And to be sure, there are behaviors by Wall Street insiders which can prolong periods of market growth and soften the pain of retreats.  But there are events (like period mild recessions) that Wall Street can not make pretty and, in those situations, Wall Street becomes a herd.  “Herd Mentality” takes over and sharp swings in stock prices rules the day.  Sooner or later, unless there are legitimate corrective measures taken by Government policy makers, the natural consequence is sustained market decline.

The month of December has seen this volatility with dramatic drops in stock market valuations.  Pension funds and 401Ks are again seeing their valuations clipped.  A lot of Americans (not just the wealthiest) have less wealth today than 6 months ago.  

Lay these Trump inspired events upon each other along with market volatility, and one should worry.  Our President has driven wedges between the US and its trading partners and created global unstable situations. Wall Street knows this.

While we should not expect any moral or ethical pronouncements from Wall Street, we can expect the Street to act in its own self interest.  Wall Street will take profits when it can and care nothing about who gets hurt.  Sooner or later this instability will permeate “main street” and a recession will set in.  Wall Street knows this.

And “the leader of last resort”, the President of the United States is absent on duty.  How can anyone expect the President’s first two years of accomplishments to predict sound leadership when the country needs it?

Unfit From Any Angle

February 11, 2018

The current crowd that comprises the Republican Party’s Congressional members are unfit to govern. So tell me something that I didn’t know already. Hmmm.

Throughout the Obama years, Republican leaders postured time and again about Obama Administrations incompetence. Republicans pointed to the slow growing US economy, the size of Federal Deficits, and the ruinous impact the Affordable Care Act was having upon jobs were rallying calls. Despite all evidence to the contrary, the Republican message never the less kept reinforcing the dooms day outlook.

From the day former President Obama took office, while the US economy was steadily slipping into the dangerous territory between recession and depression, the Obama Administration pushed for a balanced approach between Keynesian economic stimulation and “doing the right thing” legislation.

The 2008 economic decline bottomed out and the Affordable Care Act came into law providing healthcare for millions more. General Motors was saved from itself, consumer protection measures were put in place, and human rights enforcement became the Justice Department’s focus.

The Economy grew around 2-2.5%, unemployment steadily decreased, while America’s GDP growth lead the pack of developed countries. In foreign policy, the Obama Administration proposed that the Middle East policies should not cloud or block America’s view that an emerging super power China must be dealt with. Also, Iran and North Korea both were subject to diplomatic efforts aimed at controlling those countries’ nuclear programs while also recognizing the limits of military force. And, climate realities were met straight on with the US announcing it would join the Paris Climate Agreement in hopes of a global effort to confront global warming.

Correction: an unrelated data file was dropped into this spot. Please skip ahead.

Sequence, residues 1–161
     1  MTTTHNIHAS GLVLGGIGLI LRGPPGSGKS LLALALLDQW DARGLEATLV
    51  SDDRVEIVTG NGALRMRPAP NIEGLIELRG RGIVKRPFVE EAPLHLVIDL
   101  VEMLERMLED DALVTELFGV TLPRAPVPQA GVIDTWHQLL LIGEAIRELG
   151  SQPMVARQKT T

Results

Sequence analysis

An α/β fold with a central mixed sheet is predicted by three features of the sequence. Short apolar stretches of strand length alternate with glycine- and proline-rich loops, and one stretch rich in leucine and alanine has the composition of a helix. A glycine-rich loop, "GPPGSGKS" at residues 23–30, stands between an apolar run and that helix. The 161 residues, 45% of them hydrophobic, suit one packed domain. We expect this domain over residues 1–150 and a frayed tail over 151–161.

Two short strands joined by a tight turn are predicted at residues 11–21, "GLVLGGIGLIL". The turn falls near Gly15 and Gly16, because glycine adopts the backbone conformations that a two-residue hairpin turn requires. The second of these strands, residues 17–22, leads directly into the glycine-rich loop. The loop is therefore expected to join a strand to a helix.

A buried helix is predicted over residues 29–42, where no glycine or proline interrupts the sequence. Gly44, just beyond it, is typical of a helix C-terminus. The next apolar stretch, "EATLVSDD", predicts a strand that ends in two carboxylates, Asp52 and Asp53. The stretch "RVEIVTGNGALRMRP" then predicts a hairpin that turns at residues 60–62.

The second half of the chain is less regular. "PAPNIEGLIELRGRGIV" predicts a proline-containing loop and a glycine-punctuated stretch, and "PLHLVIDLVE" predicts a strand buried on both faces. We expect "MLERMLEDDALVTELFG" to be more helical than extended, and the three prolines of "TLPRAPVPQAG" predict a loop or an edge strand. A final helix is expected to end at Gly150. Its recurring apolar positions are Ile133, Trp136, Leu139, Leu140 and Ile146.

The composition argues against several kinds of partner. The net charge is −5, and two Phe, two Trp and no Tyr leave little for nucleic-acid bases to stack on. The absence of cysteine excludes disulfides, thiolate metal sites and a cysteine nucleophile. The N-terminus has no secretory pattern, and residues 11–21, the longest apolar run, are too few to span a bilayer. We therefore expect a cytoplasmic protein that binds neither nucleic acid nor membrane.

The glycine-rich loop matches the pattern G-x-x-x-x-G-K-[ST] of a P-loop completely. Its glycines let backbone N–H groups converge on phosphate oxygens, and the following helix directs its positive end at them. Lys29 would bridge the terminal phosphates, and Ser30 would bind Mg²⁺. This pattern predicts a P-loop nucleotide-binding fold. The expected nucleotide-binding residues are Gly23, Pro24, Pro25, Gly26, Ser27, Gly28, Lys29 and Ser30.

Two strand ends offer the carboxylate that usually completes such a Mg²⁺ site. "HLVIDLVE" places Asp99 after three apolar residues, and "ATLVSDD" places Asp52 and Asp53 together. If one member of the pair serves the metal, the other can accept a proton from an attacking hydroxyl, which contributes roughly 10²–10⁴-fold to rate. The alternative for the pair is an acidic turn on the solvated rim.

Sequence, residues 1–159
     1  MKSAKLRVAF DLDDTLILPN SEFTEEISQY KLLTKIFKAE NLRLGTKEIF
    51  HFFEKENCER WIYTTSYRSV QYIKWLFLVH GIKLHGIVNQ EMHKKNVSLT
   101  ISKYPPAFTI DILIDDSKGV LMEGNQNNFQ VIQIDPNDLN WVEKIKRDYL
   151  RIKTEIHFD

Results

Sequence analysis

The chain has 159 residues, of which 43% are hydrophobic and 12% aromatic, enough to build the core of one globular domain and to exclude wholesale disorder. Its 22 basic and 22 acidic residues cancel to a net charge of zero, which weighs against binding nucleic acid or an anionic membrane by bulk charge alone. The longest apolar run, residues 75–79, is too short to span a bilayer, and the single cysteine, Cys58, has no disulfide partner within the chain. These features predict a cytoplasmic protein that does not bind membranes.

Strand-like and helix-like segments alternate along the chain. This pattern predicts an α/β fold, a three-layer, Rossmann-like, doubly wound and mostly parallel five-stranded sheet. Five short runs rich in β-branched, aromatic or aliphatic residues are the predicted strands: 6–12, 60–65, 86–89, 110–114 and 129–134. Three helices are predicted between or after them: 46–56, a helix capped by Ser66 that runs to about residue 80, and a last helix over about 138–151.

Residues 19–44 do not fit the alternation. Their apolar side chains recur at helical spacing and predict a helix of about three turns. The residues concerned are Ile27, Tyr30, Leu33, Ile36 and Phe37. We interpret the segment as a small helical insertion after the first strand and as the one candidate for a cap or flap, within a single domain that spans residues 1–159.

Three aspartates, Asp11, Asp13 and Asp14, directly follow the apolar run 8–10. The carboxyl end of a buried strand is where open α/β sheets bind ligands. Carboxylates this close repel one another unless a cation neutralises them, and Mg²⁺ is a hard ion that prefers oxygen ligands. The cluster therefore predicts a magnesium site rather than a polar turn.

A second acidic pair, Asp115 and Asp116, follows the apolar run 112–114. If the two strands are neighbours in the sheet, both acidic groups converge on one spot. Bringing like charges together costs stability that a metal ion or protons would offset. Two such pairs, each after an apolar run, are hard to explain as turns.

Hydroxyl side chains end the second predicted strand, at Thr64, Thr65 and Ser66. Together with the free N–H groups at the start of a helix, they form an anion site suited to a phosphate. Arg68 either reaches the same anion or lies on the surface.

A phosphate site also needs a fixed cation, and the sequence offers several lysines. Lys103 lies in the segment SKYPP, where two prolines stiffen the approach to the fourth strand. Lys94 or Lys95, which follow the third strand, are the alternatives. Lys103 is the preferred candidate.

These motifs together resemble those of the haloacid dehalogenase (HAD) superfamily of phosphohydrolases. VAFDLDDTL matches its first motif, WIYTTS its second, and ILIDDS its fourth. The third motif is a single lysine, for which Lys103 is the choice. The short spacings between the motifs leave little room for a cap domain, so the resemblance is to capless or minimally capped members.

During President Trump’s first year, the past 8 years have been “denied”. The President has appointed, and the Republican controlled Congress has confirmed, Cabinet Secretaries who were either unqualified or were avowed opponents of each Department’s goals. Turning the Asylum over to the inmates would summarize the executive branch.

Important trade alliances were cast aside and the “what does this mean” slogan America First was substituted. America First is sure fired, naive call which is certain to result in less international cooperation. But the best was yet to come.

The Congress tried it best to repeal and replace Obamacare only to find that strong grass roots support for the Affordable Care Act existed and a repeal threaten the electoral viability of Republican Congress Members. Disappointed but not deterred, the Congress moved on to “tax reform” which in short order emerged as “tax cuts”.

The rush for tax cuts was strange since most business people would ask what would be the spending plan against which levying taxes could logically be set. Republican leaders and spokespersons, however, tried to frame the tax cuts as a means to grow the economy faster and magically paying for themselves.

The tax cuts passed with Republican votes and America woke up to the news that these tax cuts would add another $1.5 trillion to the deficit. Republicans then touted the GDP growth rate as already accelerating, (a near impossibility due to any recent cause and effect).

Republicans claimed that economic growth was now 3% and heading north. Republicans did not say that other modern countries were also experiencing economic growth and relatively speaking, the US was growing no faster than its major trading partners.

Even worse was the recognition that when the US economy heats up, the risk of inflation increases too. So the perfect storm is forming.

Inflation is around the corner, unemployment is near bottom (so where are the workers going to come from to man the heated economy), Republicans’ anal Mexican policies are severely restricting much needed labor, and after 10 years of expansion, sooner or later a real contraction must take over.

But there is more.

This week Democrats and Republicans compromised, not on prudent budget cuts, but instead on fiscally irresponsible, unpaid government spending. This compromise resulted from a basic inability to set national priorities and in order for one group (like Defense spenders) to get their funding, they had to go allow with Democrat favored domestic policies.

Americans will have the GOP to thank for

  • expensive healthcare
  • rising inflation
  • no tools left to stimulate the economy (taxes have already been cut and interest rates are still low) when inevitably the economy slows and slips into a recession.
  • Trading partners will take care of themselves first (as instructed) taking away a consumer of our goods and services.